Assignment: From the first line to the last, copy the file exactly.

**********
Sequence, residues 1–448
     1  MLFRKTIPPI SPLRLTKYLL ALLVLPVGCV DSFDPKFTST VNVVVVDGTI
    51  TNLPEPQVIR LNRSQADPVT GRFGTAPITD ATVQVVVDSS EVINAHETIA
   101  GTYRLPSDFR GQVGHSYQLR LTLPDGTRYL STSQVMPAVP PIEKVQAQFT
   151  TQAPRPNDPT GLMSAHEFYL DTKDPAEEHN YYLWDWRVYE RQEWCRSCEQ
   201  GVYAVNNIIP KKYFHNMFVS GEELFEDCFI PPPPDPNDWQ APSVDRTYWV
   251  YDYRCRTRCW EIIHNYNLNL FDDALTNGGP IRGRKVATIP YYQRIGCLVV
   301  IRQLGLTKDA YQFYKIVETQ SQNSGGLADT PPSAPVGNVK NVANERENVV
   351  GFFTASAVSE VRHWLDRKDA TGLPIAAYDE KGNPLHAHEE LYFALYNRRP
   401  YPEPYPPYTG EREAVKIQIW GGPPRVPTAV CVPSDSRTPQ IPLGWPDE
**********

Sequence, residues 1–448
     1  MLFRKTIPPI SPLRLTKYLL ALLVLPVGCV DSFDPKFTST VNVVVVDGTI
    51  TNLPEPQVIR LNRSQADPVT GRFGTAPITD ATVQVVVDSS EVINAHETIA
   101  GTYRLPSDFR GQVGHSYQLR LTLPDGTRYL STSQVMPAVP PIEKVQAQFT
   151  TQAPRPNDPT GLMSAHEFYL DTKDPAEEHN YYLWDWRVYE RQEWCRSCEQ
   201  GVYAVNNIIP KKYFHNMFVS GEELFEDCFI PPPPDPNDWQ APSVDRTYWV
   251  YDYRCRTRCW EIIHNYNLNL FDDALTNGGP IRGRKVATIP YYQRIGCLVV
   301  IRQLGLTKDA YQFYKIVETQ SQNSGGLADT PPSAPVGNVK NVANERENVV
   351  GFFTASAVSE VRHWLDRKDA TGLPIAAYDE KGNPLHAHEE LYFALYNRRP
   401  YPEPYPPYTG EREAVKIQIW GGPPRVPTAV CVPSDSRTPQ IPLGWPDE